Democratic Senator Weighs In On Sessions' Resignation
STEVE INSKEEP, HOST:
Yesterday morning, Matthew Whitaker was chief of staff to the attorney general of the United States. Today he is the acting attorney general. President Trump fired Jeff Sessions and ordered Whitaker to take over. Whitaker has experience. He's a former U.S. attorney. He also has a political background and talked in the past on TV about ways to end the investigation into Russian interference in the 2016 election, an investigation he now oversees. We've called Democratic Senator Chris Coons of Delaware to talk about this.
Senator, welcome back to the program.
CHRIS COONS: Thanks, Steve. Great to be on with you again.
INSKEEP: Thank you. You ever met Matthew Whitaker?
COONS: I have not.
INSKEEP: What do you know about him?
COONS: What I know is that he's the former U.S. attorney for the state of Iowa. He had a job literally criticizing the Mueller investigation and making comments about different legal matters for a nonprofit before he was brought into the Trump administration. As you mentioned, just a year ago in public interviews on CNN, he was hypothesizing about how the president might fire the attorney general, avoid the succession process within the Department of Justice - which would have led Rod Rosenstein to be the acting attorney general - appoint someone political like Matt Whitaker, and then that person who now controls the budget of the special counsel could gradually squeeze or close or shut down Bob Mueller's investigation.
INSKEEP: I guess we should note that we do not know that that is Whitaker's intent now that he really has the job, but you are correctly saying what he did say. What do you assume the president's objective would be in firing Jeff Sessions right now?
COONS: Well, the president has long said that he was deeply angry at Jeff Sessions - Sessions, who was his first and strongest supporter in the Senate - for recusing himself from the ongoing investigation by Robert Mueller. He made no mystery of the fact that he wanted him gone as soon as possible. The only reason he delayed until after the midterm elections was opposition from Republican senators.
INSKEEP: Well, that raises another issue here, Senator Coons, because several Republican senators have commented since this change was made. And at least three that I can think of specifically have warned the president - Lamar Alexander, Susan Collins, Mitt Romney, who's a senator-elect now - saying that no successor can be confirmed as attorney general unless that person supports Robert Mueller's investigation into Russian interference. Do you believe that, that Republicans are not going to let someone come in whose job is to destroy that investigation?
COONS: Well, I found those public statements by those three senators encouraging, but the most important senator here is Mitch McConnell, the majority leader of the Senate. He could bring to the floor as early as Tuesday for a vote the bipartisan bill that has already cleared the judiciary committee that I wrote, along with Senators Graham and Tillis and Booker, that would protect the special counsel from firing. It would put in statute what is currently in regulation, which is a prevention from the firing of the special counsel for anything other than good cause.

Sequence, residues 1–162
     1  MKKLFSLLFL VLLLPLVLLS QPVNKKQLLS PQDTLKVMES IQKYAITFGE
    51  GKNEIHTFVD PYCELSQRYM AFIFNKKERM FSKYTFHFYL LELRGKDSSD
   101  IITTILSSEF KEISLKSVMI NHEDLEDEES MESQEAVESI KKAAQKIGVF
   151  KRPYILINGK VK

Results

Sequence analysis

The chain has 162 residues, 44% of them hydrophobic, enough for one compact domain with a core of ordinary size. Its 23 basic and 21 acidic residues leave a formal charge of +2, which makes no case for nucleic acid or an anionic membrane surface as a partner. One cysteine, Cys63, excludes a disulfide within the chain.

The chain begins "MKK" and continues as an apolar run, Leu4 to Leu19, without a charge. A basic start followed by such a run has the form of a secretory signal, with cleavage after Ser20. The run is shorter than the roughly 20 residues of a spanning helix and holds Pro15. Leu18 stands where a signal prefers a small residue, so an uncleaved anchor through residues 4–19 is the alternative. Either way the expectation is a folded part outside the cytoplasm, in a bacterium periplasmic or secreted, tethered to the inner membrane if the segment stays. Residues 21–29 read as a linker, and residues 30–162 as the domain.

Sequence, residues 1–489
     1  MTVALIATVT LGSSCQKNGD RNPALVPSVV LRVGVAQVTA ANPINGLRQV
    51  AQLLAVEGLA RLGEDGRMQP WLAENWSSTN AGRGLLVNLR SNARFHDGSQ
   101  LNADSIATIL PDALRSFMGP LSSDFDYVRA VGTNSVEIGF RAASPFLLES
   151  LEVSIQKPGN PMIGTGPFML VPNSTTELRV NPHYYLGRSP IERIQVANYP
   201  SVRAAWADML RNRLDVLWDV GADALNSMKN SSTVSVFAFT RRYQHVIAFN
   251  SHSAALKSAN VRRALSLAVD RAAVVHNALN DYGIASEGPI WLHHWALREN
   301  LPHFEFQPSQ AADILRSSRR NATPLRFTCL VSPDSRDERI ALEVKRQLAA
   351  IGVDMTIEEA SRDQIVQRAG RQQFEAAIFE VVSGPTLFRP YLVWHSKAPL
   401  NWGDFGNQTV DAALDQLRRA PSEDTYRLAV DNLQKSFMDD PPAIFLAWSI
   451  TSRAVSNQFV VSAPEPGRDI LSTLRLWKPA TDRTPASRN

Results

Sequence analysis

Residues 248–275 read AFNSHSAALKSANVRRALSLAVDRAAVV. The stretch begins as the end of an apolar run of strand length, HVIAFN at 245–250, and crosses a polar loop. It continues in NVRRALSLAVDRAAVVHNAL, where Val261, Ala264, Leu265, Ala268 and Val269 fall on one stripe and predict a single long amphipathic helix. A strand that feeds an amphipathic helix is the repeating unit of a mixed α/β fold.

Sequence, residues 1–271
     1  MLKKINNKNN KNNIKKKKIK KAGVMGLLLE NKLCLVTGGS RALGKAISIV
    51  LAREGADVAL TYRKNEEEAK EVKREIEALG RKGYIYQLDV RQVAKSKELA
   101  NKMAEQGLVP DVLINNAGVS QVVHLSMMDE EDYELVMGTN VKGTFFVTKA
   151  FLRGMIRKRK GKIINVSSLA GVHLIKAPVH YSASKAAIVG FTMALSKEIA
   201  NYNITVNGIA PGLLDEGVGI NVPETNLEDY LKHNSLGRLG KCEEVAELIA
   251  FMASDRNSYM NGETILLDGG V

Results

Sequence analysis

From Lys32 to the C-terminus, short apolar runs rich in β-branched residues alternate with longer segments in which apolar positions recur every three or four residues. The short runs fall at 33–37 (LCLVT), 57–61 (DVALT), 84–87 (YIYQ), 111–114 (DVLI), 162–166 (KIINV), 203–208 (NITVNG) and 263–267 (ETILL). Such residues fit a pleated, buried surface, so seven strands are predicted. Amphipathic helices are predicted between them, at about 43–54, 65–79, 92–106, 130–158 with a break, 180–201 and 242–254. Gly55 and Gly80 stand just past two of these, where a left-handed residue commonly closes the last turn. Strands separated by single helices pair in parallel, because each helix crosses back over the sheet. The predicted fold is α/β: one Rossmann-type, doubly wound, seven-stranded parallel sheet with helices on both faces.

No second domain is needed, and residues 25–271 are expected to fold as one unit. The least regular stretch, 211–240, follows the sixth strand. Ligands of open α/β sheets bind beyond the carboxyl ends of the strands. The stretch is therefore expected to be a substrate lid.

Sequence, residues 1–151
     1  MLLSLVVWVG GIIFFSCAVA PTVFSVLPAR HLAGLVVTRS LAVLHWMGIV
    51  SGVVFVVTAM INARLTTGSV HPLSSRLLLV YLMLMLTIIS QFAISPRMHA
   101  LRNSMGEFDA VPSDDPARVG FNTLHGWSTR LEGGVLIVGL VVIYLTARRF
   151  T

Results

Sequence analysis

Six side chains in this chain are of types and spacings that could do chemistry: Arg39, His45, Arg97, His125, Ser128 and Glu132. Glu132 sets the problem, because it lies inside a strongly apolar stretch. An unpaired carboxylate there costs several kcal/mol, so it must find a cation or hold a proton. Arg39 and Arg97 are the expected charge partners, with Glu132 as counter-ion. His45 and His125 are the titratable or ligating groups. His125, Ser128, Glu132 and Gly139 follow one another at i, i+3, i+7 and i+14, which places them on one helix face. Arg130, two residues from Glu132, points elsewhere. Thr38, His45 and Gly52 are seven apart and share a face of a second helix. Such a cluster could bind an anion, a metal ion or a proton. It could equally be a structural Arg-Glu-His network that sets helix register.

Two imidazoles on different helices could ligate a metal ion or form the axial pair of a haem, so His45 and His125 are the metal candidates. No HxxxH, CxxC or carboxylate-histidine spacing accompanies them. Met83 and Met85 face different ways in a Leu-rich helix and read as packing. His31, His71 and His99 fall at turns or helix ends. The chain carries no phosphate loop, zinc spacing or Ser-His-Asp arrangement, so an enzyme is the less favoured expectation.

There's other steps we can and should take. If those senators want to join with others of us in demanding that Whitaker come before the judiciary committee during his tenure as the acting attorney general and confirm what he's doing in terms of oversight of the special counsel investigation, that'd be a constructive step, too. We could be doing that as early as Monday.
INSKEEP: I believe you just said that you co-authored that legislation with Lindsey Graham, who's been a very vocal supporter of the president the last year or so.
COONS: Correct. It's my hope that Senator Graham will continue to support the legislation that we both worked so hard on over the last year.
INSKEEP: For the moment, though, you have this acting attorney general who it sounds like you have questions about his motives. Is there anything Democrats can do in the next month, two months, five months, whatever it is, to restrain him?
COONS: We can't restrain him effectively without Republicans partnering with us because we're in the minority in the Senate. But I'm encouraged by the conversations I had last night and by some of the public statements that have been made by Republican colleagues and friends of mine.
INSKEEP: You do not believe there is any way to end this investigation without a crisis?
COONS: Correct. Robert Mueller has to complete this investigation to its logical conclusions. That is in the best interest of the rule of law. It's in the best interest of the president. If he's innocent, he should start acting like it and stop trying to interfere with Robert Mueller's investigation.
INSKEEP: Senator Coons, thanks so much. Really appreciate it.
COONS: Thank you.
INSKEEP: Senator Chris Coons of Delaware. Transcript provided by NPR, Copyright NPR.